How Often to Write in Your Journal?

(And Does this Matter?)

How do you get into the habit of writing in your journal consistently? It’s a question that most journal writers face at some point. And really does it matter that you write regularly?  Whether you write often depends on your purpose for writing.  Is it to preserve memories? To sort out issues? To track physical or emotional, spiritual, or intellectual progress?  Track health symptoms?
If journal writing is pleasurable, then writing is its own reward. If journal writing becomes a task you “should” do, rather than something that is internally compelling, then you are more likely to write less consistently. So part of the issue can be reframed to ask, ”How do I make journal writing pleasurable?”

Here are a few thoughts about ways to keep writing consistently:

  • Make your journal writing more upbeat. Review the good things that have happened in your day—your attitude, your progress toward a goal, a minor victory, even a two-minute interaction with someone that went well.  Remind yourself about the good stuff in your life and your good qualities.
  • When you do have difficult issues in your life that need to be resolved—and who doesn’t?—consider the time that you write in your journal as an oasis of self-nurturing in your day. It’s a time to vent, rant, reflect, and process just for you.
  • Write at the same time every day, if possible, thus incorporating your writing practice into a daily routine.
  • Make sure your LifeJournall is password-protected so you’ll have no worries that someone will read it which can cause you to feel constricted and self-censoring while writing.
  • If you don’t have much time, write a quick and easy entry by going to the Daily Pulse and entering Pulse values for the day.  It’s a quick and simple way to enter the LifeJournal program, and then, who knows, you might find that after writing a couple of sentences in the Pulse Notes, you are inspired to open a journal entry and write more.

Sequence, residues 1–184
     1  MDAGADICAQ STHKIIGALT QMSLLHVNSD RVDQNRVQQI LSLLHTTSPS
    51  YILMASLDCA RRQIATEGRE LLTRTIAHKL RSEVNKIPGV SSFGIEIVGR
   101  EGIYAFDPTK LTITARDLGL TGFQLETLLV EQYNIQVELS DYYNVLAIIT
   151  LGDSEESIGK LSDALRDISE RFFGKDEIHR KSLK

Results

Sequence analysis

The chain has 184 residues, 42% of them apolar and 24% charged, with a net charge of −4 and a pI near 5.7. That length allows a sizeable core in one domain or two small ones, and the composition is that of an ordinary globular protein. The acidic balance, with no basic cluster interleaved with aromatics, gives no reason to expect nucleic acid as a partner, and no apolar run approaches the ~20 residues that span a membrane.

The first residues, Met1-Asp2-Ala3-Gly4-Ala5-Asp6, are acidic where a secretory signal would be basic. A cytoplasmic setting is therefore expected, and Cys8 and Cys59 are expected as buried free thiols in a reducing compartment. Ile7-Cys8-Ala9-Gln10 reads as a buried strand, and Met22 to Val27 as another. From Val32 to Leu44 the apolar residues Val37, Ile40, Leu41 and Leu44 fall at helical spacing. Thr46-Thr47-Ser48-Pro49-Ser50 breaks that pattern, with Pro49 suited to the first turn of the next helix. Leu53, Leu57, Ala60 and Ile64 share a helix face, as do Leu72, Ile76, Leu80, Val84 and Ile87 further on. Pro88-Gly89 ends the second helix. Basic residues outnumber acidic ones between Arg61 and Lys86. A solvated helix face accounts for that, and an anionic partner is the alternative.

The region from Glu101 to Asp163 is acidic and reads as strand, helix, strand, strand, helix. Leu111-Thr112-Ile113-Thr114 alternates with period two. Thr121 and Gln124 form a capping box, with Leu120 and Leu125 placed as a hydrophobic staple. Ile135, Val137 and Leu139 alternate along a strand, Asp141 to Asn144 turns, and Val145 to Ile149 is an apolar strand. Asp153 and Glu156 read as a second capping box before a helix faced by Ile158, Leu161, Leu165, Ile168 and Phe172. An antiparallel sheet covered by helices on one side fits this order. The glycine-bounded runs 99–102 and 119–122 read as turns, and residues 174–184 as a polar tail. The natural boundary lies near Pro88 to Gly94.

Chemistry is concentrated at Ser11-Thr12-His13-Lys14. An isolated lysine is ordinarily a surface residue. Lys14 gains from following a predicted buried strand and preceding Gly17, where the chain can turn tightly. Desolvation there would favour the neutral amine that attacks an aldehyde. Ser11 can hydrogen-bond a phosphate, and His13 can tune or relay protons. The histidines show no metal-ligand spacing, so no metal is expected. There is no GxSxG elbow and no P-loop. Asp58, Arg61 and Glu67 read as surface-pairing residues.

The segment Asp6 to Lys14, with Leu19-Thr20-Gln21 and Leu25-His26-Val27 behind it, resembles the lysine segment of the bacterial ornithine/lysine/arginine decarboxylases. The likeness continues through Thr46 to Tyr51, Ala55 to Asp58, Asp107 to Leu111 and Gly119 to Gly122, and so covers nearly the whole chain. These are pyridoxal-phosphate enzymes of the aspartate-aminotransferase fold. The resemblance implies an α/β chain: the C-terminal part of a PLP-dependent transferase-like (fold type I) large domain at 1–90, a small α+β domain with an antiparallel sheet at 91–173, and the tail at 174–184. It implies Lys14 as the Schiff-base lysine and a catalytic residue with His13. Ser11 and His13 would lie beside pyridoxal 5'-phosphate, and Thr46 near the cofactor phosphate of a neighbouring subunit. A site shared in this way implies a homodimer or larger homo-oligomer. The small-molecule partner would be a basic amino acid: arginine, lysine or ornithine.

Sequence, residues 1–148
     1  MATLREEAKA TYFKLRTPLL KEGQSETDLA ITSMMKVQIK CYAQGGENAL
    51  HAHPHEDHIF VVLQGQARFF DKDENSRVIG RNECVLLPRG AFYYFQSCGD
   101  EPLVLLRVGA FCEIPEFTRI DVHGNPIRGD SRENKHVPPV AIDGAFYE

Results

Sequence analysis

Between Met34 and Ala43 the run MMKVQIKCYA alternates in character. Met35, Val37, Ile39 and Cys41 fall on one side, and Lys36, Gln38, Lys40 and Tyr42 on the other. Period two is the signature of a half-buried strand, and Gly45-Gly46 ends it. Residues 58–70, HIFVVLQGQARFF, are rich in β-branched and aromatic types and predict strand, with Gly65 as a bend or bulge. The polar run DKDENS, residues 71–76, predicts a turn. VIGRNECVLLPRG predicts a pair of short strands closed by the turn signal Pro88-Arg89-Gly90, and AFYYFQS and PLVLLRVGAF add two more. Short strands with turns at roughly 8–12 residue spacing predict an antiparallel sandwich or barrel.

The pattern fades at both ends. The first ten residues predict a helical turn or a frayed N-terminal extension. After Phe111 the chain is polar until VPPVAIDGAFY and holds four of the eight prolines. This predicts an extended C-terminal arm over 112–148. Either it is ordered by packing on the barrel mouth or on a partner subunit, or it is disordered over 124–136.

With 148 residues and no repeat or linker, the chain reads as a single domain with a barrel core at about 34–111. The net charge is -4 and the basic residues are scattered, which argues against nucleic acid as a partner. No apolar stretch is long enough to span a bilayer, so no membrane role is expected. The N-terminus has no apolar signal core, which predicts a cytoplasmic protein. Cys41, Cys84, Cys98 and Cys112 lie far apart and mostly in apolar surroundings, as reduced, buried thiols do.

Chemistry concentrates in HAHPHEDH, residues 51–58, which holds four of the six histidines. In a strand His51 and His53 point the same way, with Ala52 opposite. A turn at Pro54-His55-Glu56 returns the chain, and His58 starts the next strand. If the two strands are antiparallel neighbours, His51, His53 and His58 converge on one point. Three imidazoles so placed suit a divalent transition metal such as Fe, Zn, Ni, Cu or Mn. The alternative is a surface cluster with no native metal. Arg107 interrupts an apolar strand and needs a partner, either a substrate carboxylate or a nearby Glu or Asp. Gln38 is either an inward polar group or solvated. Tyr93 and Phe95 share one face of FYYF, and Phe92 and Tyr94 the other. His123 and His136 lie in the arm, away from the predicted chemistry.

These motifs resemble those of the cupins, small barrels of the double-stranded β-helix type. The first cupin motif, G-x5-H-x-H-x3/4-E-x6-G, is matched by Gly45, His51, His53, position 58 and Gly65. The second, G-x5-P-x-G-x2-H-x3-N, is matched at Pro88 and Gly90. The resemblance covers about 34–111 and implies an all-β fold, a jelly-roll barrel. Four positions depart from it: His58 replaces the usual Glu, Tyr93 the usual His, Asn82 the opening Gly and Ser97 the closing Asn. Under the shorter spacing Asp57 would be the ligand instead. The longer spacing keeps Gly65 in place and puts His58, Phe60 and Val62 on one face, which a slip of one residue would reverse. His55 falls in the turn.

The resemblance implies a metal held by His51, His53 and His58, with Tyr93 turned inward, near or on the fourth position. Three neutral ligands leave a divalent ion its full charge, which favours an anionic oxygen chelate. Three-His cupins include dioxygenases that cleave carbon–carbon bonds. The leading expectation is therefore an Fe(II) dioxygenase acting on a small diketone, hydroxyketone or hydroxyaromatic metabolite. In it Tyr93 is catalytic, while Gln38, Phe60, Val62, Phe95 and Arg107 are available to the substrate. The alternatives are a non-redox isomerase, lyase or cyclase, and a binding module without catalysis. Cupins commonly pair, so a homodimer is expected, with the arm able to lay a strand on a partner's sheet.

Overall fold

• Think of writing a journal entry as the least expensive form of health insurance ever. Remember that writing about meaningful events or activities in your life improves your health without major cost of time or money and without having to leave your home!
  • Think about what’s stopping you from writing and write about that—or if that’s too painful to write about, then write about something else.  There’s the direct and the indirect way to go about journal writing—start writing about what’s bugging you, or approach your writing with something that is emotionally neutral and see if you are ready to start nibbling away at the edges of the meaty issue that you are avoiding.
  • Write a one-word journal entry that captures your day. It’s a challenge to come up with that one word and you can think about it while you are doing some mindless life maintenance activity—like flossing your teeth or taking out the garbage or folding the clothes.  Once you have determined that word, writing it in your journal entry takes almost no time.
  • Turn your inner critics off by addressing them right away when you start writing if they start to interfere: “OK, you noisy critics, you are on notice to be quiet for the next 20 minutes while I’m writing. I’m in charge for the next 20 minutes—no back talk from you.” The inner critics may grumble and mutter for a bit, but then you can quickly start writing, and keep tell any negative voices to simply quiet down.

Back to the question does it really does it matter that you write consistently?  It only matters that you write consistently so (1) you don’t stop keeping a journal, and so (2) when you re-read your journal, there are enough entries to retain the continuity of the story line of your life.

Your capacity to write consistently in your journal will be determined by your feeling of satisfaction and by doing what’s right for you. While you are writing and when you finish, notice how you feel. Did you like the process?  Did you feel relaxed and soothed during or after writing? Did you feel at times frustrated, angry, confused, despairing? This whole spectrum of emotions is simply part of the process of journal writing. I know that for me I do feel better most of the time after I write, like I’ve jettisoned some burden and/or relived a pleasurable part of my day.